In Chapter 9 of 21 in his 2012 Capture Your Flag interview, design educator Jon Kolko answers "How Did You Build Upon Past Writing Projects in Publishing Your Latest Book?" Kolko self-publishes his first book which then was picked up by a publisher, where it found moderate success. For his second book, Kolko works through a publisher and decides for his third book he will self-publish. He shares the various aspects of the publishing process he has learned to navigate as he goes through the self-publishing process.
Jon Kolko the founder and director of the Austin Center for Design. He has authored multiple books on design, including "Wicked Problems: Problems Worth Solving." Previously he has held senior roles at venture accelerator Thinktiv and frog design and was a professor of Interactive and Industrial Design at the Savannah College of Art and Design (SCAD). Kolko earned his Masters in Human Computer Interaction (MHI) and BFA in Design from Carnegie Mellon University.
Erik Michielsen: How did you build upon past writing projects in publishing your latest book?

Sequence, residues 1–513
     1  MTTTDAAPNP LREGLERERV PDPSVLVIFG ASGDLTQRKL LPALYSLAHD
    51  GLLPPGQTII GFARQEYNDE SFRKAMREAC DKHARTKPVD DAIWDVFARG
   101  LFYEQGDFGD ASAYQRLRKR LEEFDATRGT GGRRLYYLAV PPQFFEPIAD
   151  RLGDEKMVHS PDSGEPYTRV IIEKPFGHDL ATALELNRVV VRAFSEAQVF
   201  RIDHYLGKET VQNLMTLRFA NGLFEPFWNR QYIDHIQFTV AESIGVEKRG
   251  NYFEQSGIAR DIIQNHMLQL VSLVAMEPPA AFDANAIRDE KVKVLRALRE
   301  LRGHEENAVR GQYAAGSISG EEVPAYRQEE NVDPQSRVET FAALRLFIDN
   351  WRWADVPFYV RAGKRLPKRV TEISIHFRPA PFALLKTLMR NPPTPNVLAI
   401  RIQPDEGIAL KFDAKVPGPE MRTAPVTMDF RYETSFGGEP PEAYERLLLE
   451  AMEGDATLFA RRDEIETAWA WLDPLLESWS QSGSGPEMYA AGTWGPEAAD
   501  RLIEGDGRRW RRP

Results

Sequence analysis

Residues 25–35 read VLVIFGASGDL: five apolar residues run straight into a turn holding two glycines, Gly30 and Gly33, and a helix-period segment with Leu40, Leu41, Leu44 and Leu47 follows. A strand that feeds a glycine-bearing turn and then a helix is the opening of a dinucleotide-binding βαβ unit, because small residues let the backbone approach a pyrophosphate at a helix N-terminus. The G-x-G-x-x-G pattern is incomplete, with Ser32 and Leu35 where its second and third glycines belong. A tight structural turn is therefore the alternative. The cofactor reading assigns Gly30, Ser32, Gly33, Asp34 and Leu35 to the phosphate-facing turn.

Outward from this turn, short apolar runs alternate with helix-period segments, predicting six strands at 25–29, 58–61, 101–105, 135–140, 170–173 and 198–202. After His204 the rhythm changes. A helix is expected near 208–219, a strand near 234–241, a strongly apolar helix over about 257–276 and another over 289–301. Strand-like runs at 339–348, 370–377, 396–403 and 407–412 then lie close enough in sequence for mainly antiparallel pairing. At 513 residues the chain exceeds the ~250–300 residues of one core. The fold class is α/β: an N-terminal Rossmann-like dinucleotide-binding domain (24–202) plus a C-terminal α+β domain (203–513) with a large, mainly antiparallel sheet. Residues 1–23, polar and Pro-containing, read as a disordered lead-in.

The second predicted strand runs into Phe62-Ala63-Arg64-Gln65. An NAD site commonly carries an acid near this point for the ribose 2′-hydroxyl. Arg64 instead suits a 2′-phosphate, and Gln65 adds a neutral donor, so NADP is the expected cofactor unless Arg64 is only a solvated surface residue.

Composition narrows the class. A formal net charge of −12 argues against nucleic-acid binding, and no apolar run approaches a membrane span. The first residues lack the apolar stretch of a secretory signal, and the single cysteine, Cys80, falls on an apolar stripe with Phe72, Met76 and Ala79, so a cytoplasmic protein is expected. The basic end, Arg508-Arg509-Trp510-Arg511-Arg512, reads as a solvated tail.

Jon Kolko: I learned a ton doing my first couple of books. Some brief history, is I self-published the very first one and we printed a thousand copies and all thousand of them show up in a truck and then you sell them online, blah, blah, blah, and then that got picked up by a publisher. That was moderately successful. The next book got picked up by an academic publisher, that was not very successful. And so, I got to the point where I was like, “Alright, I'm not working with publishers anymore.” I can do all the things a publisher can do, I can do them faster, and I can do them, I think, better. Again, with a caveat maybe of editing.
So I was able to do all of those things myself and in retrospect there's actually nothing hard about publishing a book. I'm astounded that actually a lot of the big presses are still in business at all because it is so easy. And so, again there's some really pragmatic steps like acquiring an ISBN number, getting your book listed in the various services, books in print, and on Amazon and stuff. But you can Google any of that and it's all there. The only thing that is difficult that remains is what is the book about and what does it look like. Coming soon will be in which digital formats do you support and that’s starting to start to be an issue right now. Even something as simple as exporting to an EPUB and a MOBI and stuff is a pain in the ass and it won’t be in the future.
But for the time being, if you have a good idea and you know someone who can lay it out or you can lay it out yourself, you got a book. Your audience will find you. Long Tail or any other catchy name for it like that, that works. And so, I think what I learned from the publishing experience is that I don’t need that publishing experience. It gave me the confidence to say that old, tired machine is not for me.